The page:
(Continued in Part 2)
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Last edited by Therese Hamilton on Thu Aug 27, 2015 5:19 am; edited 8 times in total
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Therese Hamilton



Joined: 22 Feb 2011
Posts: 1142
Location: California, USA

Posted: Thu Aug 27, 2015 4:51 am    Post subject: Reply with quote

STARS OF THE NAKSHATRAS: Part 2

Even with Abhyankar’s plausible changes of stars, there are still three mansions without their traditional stars (as per Suryasiddhanta and related texts) in the 27-fold division: Svati (Libra), Purva Ashadha (Sagittarius), and Uttara Ashadha (Sagittarius-Capricorn). There is no way that Arcturus can be made to fit Svati’s longitude as Arcturus is only minutes from Spica which lies at the center of Chitra. The traditional stars given to Purva Ashadha are actually in Mula, and the stars in Uttara Ashadha are in Purva Ashadha. The feet of the constellation of Virgo are aligned with today's Svati. (iota and kappa Virgo)

However (as I’ve come to believe), this doesn’t mean the deity association of he mansions is out of alignment since no mention of the original stars associated with the nakshatras has come down to us. The nakshatra-star picture has been cloudy with disagreement among scholars. We can ask a key question: “Is there really a genuine lunar zodiac of 27 mansions each 13° 20' in size, just as there are 12 equal Rasis or signs of the zodiac?” And are the true nakshatra stars the stars that actually happen to be located in each of the 27 mansions?

Were the ancient 28 nakshatras only an approximation of a true lunar zodiac discovered much later, a lunar zodiac that happens to be perfectly aligned with the 12 Rasi sidereal zodiac, so that zero degrees of Ashvini is the same longitude as zero degrees of Aries? This is an open question that will take much study and research by contemporary astrologers.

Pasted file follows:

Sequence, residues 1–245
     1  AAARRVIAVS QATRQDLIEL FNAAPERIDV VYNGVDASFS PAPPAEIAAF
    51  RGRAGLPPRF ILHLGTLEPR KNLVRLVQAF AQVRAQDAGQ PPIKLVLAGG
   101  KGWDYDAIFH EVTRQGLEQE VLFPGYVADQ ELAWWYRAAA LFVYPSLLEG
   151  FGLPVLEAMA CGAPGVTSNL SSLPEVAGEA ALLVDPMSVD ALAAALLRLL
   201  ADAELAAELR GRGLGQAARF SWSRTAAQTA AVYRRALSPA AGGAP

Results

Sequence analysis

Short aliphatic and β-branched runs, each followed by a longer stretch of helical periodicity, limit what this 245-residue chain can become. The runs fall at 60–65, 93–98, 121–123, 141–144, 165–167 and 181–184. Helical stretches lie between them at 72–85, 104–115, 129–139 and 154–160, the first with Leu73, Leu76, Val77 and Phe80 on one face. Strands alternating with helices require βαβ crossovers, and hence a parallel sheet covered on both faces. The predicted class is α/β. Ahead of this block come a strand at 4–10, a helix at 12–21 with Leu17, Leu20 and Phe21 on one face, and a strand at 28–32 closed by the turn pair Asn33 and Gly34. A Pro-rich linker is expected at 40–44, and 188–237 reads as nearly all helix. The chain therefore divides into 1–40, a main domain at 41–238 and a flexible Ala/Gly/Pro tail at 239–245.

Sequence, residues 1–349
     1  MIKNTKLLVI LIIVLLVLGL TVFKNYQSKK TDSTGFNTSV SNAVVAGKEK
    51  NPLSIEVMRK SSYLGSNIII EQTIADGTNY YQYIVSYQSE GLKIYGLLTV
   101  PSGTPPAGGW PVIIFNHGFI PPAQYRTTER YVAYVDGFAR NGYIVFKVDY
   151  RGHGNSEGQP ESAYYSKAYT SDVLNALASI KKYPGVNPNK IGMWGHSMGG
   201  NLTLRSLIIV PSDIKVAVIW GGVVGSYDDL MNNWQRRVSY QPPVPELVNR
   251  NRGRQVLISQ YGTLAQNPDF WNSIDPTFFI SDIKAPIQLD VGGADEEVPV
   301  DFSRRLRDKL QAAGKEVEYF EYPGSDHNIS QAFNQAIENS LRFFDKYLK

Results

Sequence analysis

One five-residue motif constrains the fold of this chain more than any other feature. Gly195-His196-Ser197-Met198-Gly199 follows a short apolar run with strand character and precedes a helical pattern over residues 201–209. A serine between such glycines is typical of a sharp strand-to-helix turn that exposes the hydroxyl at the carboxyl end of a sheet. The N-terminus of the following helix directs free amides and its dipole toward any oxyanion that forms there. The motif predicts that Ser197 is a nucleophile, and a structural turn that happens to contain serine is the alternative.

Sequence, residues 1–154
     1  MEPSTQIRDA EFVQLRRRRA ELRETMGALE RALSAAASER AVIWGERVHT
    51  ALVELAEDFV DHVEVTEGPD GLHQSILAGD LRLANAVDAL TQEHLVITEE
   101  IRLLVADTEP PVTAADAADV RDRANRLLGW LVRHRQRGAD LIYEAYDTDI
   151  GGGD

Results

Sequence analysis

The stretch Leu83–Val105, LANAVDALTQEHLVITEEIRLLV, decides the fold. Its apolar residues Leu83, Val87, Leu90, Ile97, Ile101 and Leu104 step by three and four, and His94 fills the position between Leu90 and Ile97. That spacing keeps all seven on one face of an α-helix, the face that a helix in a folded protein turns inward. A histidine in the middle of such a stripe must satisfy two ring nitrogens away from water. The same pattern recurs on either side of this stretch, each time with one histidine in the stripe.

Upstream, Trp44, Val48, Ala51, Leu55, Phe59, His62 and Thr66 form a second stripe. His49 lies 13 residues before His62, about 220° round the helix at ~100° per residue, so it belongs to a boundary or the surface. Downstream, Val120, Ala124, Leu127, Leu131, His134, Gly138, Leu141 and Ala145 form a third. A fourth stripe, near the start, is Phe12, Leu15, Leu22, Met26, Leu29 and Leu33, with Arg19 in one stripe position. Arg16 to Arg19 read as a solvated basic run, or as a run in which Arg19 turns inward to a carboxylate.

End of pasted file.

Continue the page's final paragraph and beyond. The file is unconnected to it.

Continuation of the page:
Abhyankar’s Pre-Siddhantic Indian Astronomy: A Reappraisal can be purchased from Exotic India, which in my experience has been a very reliable Indian company. Overseas shipping is included in the cost of books.

Link to the site:
http//www.exoticindiaart.com/aboutus.php3

Direct link to the book:
http//www.exoticindiaart.com/book/details/pre-siddhantic-indian-astronomy-reappraisal-IHL814/
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Sirius_and_Procyon



Joined: 25 Jul 2014
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Posted: Sun Oct 04, 2015 8:52 am    Post subject: Reply with quote

Dear Therese

Thank you so much for the extensive review of this book.
As you know I wrote extensively about this topic, of the relation between the nakshatras and the stars, and I find Professor K.D. Abhyankar’s reflections interesting and relevant for this debate.

Although I didn't read the book, allow me make some short comments to his new attribution of starts.

- Vega (Abhijit) replaced with Altair (alpha Aquila)
I have some problems with this. As far as I studied this matter, Vega "falls" from the sky. This word is used in ancient text to refer to the movement of Vega in the sky, due to the precession of the equinox. With this shift the nakshatras went from 28 to 27 , thus leaving Vega out. So I really don't see the point in replacing her with Altair.

- Betelgeuse (alpha Orion) with (lamba Gemini)
I'm really against this idea, because the presiding deity is Rudra and Orion is much "Rudra" than "Gemini". Besides this Betellgeuse is a red star, much more in sync with Rudra than the white Alhena.